I had a day off of work so I decided to check out the Keyhole Sink. The hike is definitely not a mile, probably a mile and a half round trip. Tread was good and blue blazes clearly marked the trail. The little aspen grove was beautiful in the sun, as were all the Gambel's Oaks. Took pictures of the petroglyphs and sat around for an hour looking at the birds. There were plenty of Stellar's Jays, juncos, chickadees, and Northern Flickers, and I spotted one Townsend's Solitaire drinking from the pool of water at the end of the sink. Nice way to spend a couple of hours, went back to Flag afterwards to check out Picture Canyon, but that's another triplog.
foliage observationfoliage observationfoliage observationfoliage observationfoliage observation
Autumn Foliage Observation Light
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Oct 19 2011
coollikeacoatimund
avatar

 Photos 86
 Triplogs 5

35 male
 Joined Oct 08 2011
 Flagstaff, AZ
Picture Canyon - FlagstaffFlagstaff, AZ
Flagstaff, AZ
Hiking avatar Oct 19 2011
coollikeacoatimund
Hiking2.00 Miles 30 AEG
Hiking2.00 Miles
30 ft AEG
 no routes
1st trip
Linked none no linked trail guides
Partners none no partners
After hitting the Keyhole Sink, I decided to go out to Rain Valley past the cinder pits and the wastewater treatment plant. I parked off of Rain Valley Road where it intersects the Arizona Trail on the left. I had no idea where I was going but that's how I usually like it. Saw a lot of Stellar's Jays and a few Red-Tail Hawks along the way, plus a horde of Lewis's Woodpeckers going back and forth from a clump of oaks to a big ponderosa snag. After crossing under the power lines the AZ Trail intersects a dirt road (probably truck access for the cinder pit or the water plant). I decided to go left and take the dirt road. After a few minutes I found myself on the rim above Picture Canyon. I boulder-hopped down to the canyon floor, spotting petroglyphs along the way. I didn't realize how many panels were down there in the canyon, absolutely incredible! I hiked upstream towards the waterfall, snapped some pictures, and then headed downstream on the opposite side. The Rio de Flag continues down about a half a mile until it is crossed by the Arizona Trail and a relatively new looking bridge. Spotted many more birds in the weeds near the creek but they were fast and small so I couldn't make any good ID's. Took the AZ Trail back to my car. Got lots of pictures, of this hike and of Keyhole Sink, so I'll be posting those soon! Wonderful area to explore and so close to town!
foliage observationfoliage observationfoliage observationfoliage observationfoliage observation
Autumn Foliage Observation Light
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May 28 2011
coollikeacoatimund
avatar

 Photos 86
 Triplogs 5

35 male
 Joined Oct 08 2011
 Flagstaff, AZ
North Canyon Trail #4Northwest, AZ
Northwest, AZ
Backpack avatar May 28 2011
coollikeacoatimund
Backpack11.00 Miles 2,616 AEG
Backpack11.00 Miles2 Days         
2,616 ft AEG
 no routes
1st trip
Linked none no linked trail guides
Partners none no partners
My girlfriend and I hiked this trail in May 2011. I had previously done trail work on the North Canyon Trail in 2010, including building a new rock wall and switchback right above North Canyon Spring.

We left Flagstaff around four PM and were planning on camping at the trailhead before starting out the next morning. Bring a map of the area because the roads are not well marked and we got a bit lost before finding the right turn-off. The area was completely abandoned our entire trip. We started hiking around 9 the next morning and the first few miles were really hot. We stopped to enjoy the petroglyphs, easy to find as the alcove in the cliff is surrounded by a barb wire fence and spotted a Western Tanager during our lunch break. As we climbed up the wash the plant-life changed from high desert scrub to Ponderosa Pines, with some Douglas Fir in a few wet and shady spots. Right around the junction with the East Rim Viewpoint trail we encountered the creek. Trail crews have done maintenance on the trail, clearing away the dense thickets of maple, so it was easy going besides the heat. We found a nice campsite about a half mile beneath the spring. We continued hiking without our packs up past the spring. The area is beautiful with mixed conifers and scattered aspens. The water tastes great, we treated it but I tried some without treatment and had no problems.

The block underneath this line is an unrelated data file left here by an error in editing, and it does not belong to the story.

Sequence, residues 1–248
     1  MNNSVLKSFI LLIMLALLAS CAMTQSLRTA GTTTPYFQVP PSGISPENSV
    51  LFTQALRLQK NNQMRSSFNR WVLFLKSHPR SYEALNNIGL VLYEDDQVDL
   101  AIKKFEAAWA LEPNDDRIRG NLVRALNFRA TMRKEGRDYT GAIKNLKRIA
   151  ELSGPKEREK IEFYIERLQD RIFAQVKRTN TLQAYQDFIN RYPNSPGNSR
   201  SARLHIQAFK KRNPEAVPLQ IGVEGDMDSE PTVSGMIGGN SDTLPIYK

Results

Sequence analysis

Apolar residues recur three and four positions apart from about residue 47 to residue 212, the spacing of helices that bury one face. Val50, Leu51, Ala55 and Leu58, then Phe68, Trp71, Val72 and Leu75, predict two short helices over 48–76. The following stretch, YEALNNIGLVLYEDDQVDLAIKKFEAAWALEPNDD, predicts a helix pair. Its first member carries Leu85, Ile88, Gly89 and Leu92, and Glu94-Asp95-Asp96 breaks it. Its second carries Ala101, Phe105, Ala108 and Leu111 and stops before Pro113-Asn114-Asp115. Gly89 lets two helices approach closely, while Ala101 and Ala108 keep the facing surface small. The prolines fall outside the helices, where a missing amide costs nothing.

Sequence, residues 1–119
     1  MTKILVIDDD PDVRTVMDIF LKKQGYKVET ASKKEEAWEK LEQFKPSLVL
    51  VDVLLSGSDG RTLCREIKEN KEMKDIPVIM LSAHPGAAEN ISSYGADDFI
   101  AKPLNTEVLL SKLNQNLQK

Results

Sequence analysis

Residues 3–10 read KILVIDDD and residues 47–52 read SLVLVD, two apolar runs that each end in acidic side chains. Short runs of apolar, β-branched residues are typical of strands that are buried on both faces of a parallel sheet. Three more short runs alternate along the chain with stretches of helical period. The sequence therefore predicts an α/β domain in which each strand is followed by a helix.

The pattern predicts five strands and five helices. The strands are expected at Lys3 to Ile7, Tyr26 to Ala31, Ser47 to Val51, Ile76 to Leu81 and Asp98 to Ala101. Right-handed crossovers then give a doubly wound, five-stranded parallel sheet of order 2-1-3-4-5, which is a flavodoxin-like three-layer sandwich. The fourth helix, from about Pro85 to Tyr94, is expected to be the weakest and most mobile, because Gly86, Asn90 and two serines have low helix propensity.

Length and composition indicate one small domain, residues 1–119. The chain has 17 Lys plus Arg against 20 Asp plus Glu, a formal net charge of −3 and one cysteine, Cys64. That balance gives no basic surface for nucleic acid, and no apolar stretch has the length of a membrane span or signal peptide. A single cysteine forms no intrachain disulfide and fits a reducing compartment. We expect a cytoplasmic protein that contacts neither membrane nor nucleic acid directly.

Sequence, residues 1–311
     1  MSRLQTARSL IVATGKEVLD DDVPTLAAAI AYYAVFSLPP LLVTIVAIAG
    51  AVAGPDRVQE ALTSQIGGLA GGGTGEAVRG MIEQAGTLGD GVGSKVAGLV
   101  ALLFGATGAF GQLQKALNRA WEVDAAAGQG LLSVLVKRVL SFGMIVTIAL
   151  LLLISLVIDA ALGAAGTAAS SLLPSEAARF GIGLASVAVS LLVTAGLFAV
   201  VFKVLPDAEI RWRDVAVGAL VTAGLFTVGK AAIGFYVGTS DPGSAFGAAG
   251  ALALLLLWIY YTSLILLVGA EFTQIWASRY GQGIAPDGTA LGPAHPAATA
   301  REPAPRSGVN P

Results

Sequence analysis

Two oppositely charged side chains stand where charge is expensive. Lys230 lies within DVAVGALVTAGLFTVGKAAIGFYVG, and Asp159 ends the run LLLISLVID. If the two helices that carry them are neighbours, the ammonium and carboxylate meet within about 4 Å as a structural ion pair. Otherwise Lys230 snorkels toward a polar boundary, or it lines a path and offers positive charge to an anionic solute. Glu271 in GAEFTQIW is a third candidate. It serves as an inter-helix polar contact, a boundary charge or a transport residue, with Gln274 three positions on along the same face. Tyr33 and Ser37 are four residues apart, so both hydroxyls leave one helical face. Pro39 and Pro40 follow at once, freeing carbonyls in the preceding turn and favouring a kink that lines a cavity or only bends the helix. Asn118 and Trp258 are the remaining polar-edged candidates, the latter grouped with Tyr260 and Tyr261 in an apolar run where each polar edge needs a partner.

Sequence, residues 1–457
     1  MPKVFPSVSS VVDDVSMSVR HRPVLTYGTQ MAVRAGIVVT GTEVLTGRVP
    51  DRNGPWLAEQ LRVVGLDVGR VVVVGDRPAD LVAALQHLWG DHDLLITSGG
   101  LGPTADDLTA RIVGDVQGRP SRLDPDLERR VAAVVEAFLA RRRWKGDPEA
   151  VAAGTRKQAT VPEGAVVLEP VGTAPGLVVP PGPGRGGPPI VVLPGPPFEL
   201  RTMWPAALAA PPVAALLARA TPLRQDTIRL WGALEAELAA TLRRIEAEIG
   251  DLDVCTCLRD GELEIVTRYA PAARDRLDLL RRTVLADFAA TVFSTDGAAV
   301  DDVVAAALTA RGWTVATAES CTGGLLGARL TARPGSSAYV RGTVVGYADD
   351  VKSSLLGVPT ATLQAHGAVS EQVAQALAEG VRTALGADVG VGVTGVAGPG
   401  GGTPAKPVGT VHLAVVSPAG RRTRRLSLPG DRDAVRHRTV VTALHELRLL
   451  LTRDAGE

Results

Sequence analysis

While we didn't hike all the way to the top, if you were to you'd soon meet another trail junction about a mile up from the spring that heads along the rim to the East Rim Viewpoint. Continuing on North Canyon Trail will bring you to the Arizona Trail and a number of beautiful alpine meadows.

The hike to our campsite took about five hours, but our hike out the next morning only took two. We were back in Flagstaff by three in the afternoon. I love this hike and this secluded little corner of Arizona. Truly a great wilderness experience and plenty of opportunities to do more backpacking that includes more trails. The area is remote so leave a detailed itinerary with someone in case you get stuck.
wildflower observationwildflower observationwildflower observationwildflower observationwildflower observation
Wildflowers Observation Moderate
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average hiking speed 2.93 mph

WARNING! Hiking and outdoor related sports can be dangerous. Be responsible and prepare for the trip. Study the area you are entering and plan accordingly. Dress for the current and unexpected weather changes. Take plenty of water. Never go alone. Make an itinerary with your plan(s), route(s), destination(s) and expected return time. Give your itinerary to trusted family and/or friends.